Tuesday, July 03, 2007
From farm fruit stands, to farmers’ markets, to supermarkets, fresh local fruit is available for sale here in the West.
If you’re from another part of the country, you don’t know what you’re missing: Being so close here to some of these fruit producers, once you bite into some of the juicy, sweet peaches, apricots, nectarines, cherries, blueberries, watermelons and other fruit, you won’t ever want to eat another one of those dry, pulpy fruits that occasionally shows up at the stores in the Plains or Midwest. You might think twice about trying some of those fruits from foreign countries that help supply your shopping cart in the off-season.
The same with vegetables: the closer you can get to the people who produce the food, the fresher the vegetables and tastier they are.
However, how many of us really stop to enjoy the fresh fruits and vegetables as much as we should?
NWCN, the cable television network here in the Pacific Northwest, aired today a story by reporter Tim Robinson from Seattle. He questioned a few members of the public about how many servings of fruits and vegetables they ate per day.
Some answered five, some said two: Some obviously searched to say whatever answer they felt he might want and that sounded right.
But perhaps better questions would have been: what do you eat? What do you consider a serving? What size and amounts of servings are right for you?
Robinson interviewed University of Washington dietician Susan Adams about servings. She noted that people should eat 5-13 servings of fruits and vegetables per day. Why the range? It depends on the size of the person. Larger people should consume more servings. She also explained that not all fruit are the same serving size. For example, a large banana might actually be two servings. How big a salad might be will also affect serving size. A glass of juice might have more sugar than fruit content.
Adams shared a valuable rule to follow when figuring out how big or small a serving is: a serving is about the size of a fist. So, for example, a fistful of lettuce would count as a serving. Fruit about the size of a fist — such as an apple — will also serve as a serving.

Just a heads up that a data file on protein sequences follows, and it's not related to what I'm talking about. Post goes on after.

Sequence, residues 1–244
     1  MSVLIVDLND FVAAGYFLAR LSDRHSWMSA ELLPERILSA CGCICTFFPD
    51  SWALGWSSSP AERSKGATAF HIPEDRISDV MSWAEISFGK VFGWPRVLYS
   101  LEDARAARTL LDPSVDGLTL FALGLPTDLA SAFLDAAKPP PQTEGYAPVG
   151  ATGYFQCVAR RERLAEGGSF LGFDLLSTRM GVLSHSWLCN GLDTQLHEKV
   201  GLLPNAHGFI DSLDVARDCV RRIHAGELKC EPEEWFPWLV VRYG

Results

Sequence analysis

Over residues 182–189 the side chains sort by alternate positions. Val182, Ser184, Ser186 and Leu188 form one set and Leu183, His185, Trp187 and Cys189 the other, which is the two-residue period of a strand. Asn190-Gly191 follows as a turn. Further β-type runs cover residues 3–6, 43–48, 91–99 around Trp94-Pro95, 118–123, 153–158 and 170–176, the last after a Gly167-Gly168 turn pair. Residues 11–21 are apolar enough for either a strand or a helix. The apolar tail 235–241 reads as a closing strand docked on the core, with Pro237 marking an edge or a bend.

As the television announcers joked, it’s no longer an apple a day that might keep you healthy — try five apples. Of course, the apple growers would love that.
During this time of year, when a lot of fruits and vegetables are being harvested, this is an ideal time for farmers to encourage the public to consume more of the products.
It’s good business, but it’s also great health advice.
Technorati tags: Agriculture
Posted by Elaine Shein at 10:44 AM
Monday, July 02, 2007
Wallee the steer has earned his owner a possible $1,000 ticket for mooing at night — and disturbing her neighbor. (WCCO TV picture)
Occasionally conflicts emerge between neighbors in the countryside when someone doesn’t like the sights, sounds or smells of animal production that occurs nearby.
Farmers and ranchers have been frustrated as they try to settle the concerns of their neighbors but still continue to do what they wish with their land.
Near Hugo, Minn., the conflict went up a notch: Karyl Hylle received a ticket for “excessive cow mooing” from her two-year-old, 900-lb Jersey steer named Wallee and faces a $1,000 fine and could go to jail. It was a neighbor who had filed the nuisance complaint.
To a television reporter from WCCO TV, the neighbor complained how he hasn’t been able to sleep for the past seven months because of the mooing at night.
"It's a deep, loud moo. It sounds like a fog horn," he told reporter James Schugel, who identified the complainer as only Mark.
“The Hugo City Prosecutor says he just wants to resolve this case as quickly as he can. He really doesn't want to prosecute it. He just wants to find some common ground between the neighbors, that they can agree on,” reported WCCO. This includes Hylle moving her steer’s pen further from the neighbor’s place.
While the television crew did the story in a lighter context, noting for example that the steer didn’t moo the whole hour-and-a-half that they visited the place and perhaps it was “camera shy,” this is a serious and sad reflection of what is happening in this country.
Hylle has a legal right in her area to have not only this steer, but more cattle if she wished. The community is quite rural, with pastures around the houses.
Unfortunately, that is what people from the city desire: a nice rural countryside home, but without the realities of what is raised on the farms.
Hylle might be working to resolve the matter with her neighbor, but what’s to stop other people from following Mark’s lead and demanding tickets for nuisance be given to more farmers and ranchers who might be on the fighting fringe areas separating rural and urban lifestyles?
Hopefully other farmers will help support Hylle and ensure this nonsense ends before it sets a serious precedent.
(To see the original story as well as the TV interview with the two neighbors, click here.)
Technorati tags: Agriculture
Posted by Elaine Shein at 12:51 PM